Adam Leber Speaks About Britney to Billboard

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Britney's manager Adam Leber opened up about Britney in an interview for Billboard. We've copied the parts he mentioned Britney in, below. 

Who or what do you credit for ­Britney Spears' comeback following her 2008 breakdown?

When her parents got involved, that changed everything. We spent so many years trying to get her back on track -- from a health perspective, not just a business perspective. It was a tumultuous time. When her father got back into her life, I personally think it saved her life. With that structure in place, we were able to rehabilitate her health and her career.

Her Piece of Me residency in Las Vegas will soon pass the $100 million mark. Was the widsom behind it related to the exorbitant costs of taking a pop show on the road?

It was more of a lifestyle decision than a financial one. Larry, Britney and I were in Australia when she told us she was getting a bit tired of touring for as long as she had, and coupled with the fact that she's a mother, she was getting wary but she still wanted to perform. So I started to think about all the territories where you could do a standalone show: New York, London, China maybe, but Vegas is so transient. The challenge was that there were no contemporary acts in Vegas -- it was where artists went to die, to a certain degree, or you were a heritage act at the height and she wasn't there yet.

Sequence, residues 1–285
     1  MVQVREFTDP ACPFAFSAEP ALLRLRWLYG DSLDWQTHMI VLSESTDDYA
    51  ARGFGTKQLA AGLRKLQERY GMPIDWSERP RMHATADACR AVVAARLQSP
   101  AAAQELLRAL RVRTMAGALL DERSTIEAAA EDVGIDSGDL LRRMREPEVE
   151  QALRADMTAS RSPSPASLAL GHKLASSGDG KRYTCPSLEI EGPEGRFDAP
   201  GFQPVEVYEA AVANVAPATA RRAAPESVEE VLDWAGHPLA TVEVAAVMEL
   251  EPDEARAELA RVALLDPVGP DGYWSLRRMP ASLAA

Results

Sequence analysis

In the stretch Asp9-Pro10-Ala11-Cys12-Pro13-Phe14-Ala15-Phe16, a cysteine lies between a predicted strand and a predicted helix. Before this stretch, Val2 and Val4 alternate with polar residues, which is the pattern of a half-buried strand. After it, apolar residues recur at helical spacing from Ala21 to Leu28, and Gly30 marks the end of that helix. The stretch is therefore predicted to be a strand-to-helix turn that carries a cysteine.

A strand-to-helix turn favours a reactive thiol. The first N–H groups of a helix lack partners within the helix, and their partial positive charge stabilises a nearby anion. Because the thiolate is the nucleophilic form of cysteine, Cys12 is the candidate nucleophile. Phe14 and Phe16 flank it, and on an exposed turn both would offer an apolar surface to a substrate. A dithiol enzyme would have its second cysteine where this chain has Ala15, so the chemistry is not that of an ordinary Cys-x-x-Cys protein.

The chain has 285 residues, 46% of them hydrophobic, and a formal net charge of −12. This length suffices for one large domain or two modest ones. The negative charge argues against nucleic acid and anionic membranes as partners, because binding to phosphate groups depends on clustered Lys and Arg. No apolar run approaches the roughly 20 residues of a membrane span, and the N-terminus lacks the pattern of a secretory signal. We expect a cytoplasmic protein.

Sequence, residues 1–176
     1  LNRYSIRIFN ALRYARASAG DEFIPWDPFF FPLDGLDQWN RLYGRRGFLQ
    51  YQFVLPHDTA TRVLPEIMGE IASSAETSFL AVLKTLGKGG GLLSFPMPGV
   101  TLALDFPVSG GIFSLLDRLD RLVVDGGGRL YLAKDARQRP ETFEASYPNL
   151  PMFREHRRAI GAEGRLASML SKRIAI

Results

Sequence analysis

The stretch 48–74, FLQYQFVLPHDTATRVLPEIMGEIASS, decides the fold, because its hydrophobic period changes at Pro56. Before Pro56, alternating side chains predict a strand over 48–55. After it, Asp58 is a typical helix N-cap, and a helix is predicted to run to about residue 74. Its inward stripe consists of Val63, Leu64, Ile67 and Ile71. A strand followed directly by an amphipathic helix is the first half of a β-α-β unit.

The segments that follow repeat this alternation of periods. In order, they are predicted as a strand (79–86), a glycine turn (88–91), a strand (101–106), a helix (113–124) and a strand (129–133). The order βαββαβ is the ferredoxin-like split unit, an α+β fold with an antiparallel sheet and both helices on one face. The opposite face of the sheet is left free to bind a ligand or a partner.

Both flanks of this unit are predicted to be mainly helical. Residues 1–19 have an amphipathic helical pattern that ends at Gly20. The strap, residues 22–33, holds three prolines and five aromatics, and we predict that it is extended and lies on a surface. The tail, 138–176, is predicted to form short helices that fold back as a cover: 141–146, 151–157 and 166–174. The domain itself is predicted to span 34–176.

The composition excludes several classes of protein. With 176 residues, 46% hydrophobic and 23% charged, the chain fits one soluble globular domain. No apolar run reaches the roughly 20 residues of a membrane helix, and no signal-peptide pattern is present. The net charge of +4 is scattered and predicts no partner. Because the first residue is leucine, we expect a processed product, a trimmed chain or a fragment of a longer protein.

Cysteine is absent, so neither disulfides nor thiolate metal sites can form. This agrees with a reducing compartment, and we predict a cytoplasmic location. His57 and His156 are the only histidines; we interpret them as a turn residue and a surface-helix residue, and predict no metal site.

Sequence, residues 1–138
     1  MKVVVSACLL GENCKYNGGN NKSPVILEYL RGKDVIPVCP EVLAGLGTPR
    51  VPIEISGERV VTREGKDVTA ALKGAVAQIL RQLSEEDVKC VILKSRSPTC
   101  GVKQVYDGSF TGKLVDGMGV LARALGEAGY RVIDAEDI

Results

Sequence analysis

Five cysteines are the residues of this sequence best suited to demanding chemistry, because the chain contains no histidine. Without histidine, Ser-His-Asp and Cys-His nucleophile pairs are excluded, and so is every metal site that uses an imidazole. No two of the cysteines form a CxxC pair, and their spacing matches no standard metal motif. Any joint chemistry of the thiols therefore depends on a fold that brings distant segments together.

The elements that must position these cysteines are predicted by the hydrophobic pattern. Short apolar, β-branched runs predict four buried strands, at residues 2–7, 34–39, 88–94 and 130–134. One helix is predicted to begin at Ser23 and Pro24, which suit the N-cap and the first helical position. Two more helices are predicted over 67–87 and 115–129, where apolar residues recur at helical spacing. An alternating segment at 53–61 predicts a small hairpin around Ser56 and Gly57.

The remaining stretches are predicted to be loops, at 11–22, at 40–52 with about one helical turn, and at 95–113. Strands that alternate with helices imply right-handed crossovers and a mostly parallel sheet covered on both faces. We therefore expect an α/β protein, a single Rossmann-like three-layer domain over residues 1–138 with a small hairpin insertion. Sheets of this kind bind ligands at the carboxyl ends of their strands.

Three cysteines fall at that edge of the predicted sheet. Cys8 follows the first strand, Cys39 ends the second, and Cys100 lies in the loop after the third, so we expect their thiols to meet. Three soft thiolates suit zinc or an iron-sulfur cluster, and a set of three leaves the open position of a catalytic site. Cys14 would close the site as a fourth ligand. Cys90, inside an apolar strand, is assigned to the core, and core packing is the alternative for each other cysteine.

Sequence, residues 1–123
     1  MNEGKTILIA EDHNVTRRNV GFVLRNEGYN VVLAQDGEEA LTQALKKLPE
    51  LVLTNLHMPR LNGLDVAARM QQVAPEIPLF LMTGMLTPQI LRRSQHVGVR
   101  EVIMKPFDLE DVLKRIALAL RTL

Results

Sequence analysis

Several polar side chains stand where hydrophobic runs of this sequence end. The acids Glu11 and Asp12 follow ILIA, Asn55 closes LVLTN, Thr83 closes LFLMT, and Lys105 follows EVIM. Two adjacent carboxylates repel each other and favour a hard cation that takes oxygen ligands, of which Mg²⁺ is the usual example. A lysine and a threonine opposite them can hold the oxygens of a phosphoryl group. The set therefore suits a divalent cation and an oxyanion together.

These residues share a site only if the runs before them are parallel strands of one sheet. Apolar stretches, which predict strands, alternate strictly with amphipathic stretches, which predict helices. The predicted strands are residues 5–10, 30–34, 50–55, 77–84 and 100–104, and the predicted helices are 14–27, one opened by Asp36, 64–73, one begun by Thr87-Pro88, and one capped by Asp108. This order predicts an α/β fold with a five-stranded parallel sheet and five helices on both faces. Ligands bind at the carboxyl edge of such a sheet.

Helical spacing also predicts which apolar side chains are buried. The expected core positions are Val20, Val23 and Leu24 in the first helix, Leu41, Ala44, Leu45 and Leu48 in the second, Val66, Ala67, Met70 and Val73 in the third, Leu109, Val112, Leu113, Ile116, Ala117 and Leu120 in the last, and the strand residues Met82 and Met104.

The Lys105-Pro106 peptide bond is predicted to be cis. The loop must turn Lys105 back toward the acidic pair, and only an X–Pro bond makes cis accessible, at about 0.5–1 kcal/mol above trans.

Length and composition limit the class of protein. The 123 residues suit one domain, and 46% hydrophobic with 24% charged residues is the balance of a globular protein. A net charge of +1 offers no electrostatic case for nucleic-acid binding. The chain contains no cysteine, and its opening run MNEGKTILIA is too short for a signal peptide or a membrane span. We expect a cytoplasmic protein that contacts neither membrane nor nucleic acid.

We wanted to build the ultimate pregame destination in Vegas, so we played with this idea of a hybrid nightclub and a theater. Planet Hollywood was the only one that had a venue they were planning to gut and renovate. Our audience, which is 21 to 45, they're not using Vegas to go to a show. Maybe they go to dinner but they're going out to party. We wanted to make a perfectly timed show where you can comem, get f---ed up, and then go out at night and it's working incredibly well.

You are not a fan of exclusive deals -- why?

Because I don't believe you should ­punish your audience for choosing a platform they like. Artists are cutting off a ­significant percentage of their audience. It's like you just smacked that kid for making a ­decision on technology. That's not fair. You want consumption, and by closing off part of your ­audience, you're only hurting yourself. With Britney's ­[latest] record, a ­nonexclusive was the way to go.

You can read more of the article  in the Nov. 26 issue of Billboard.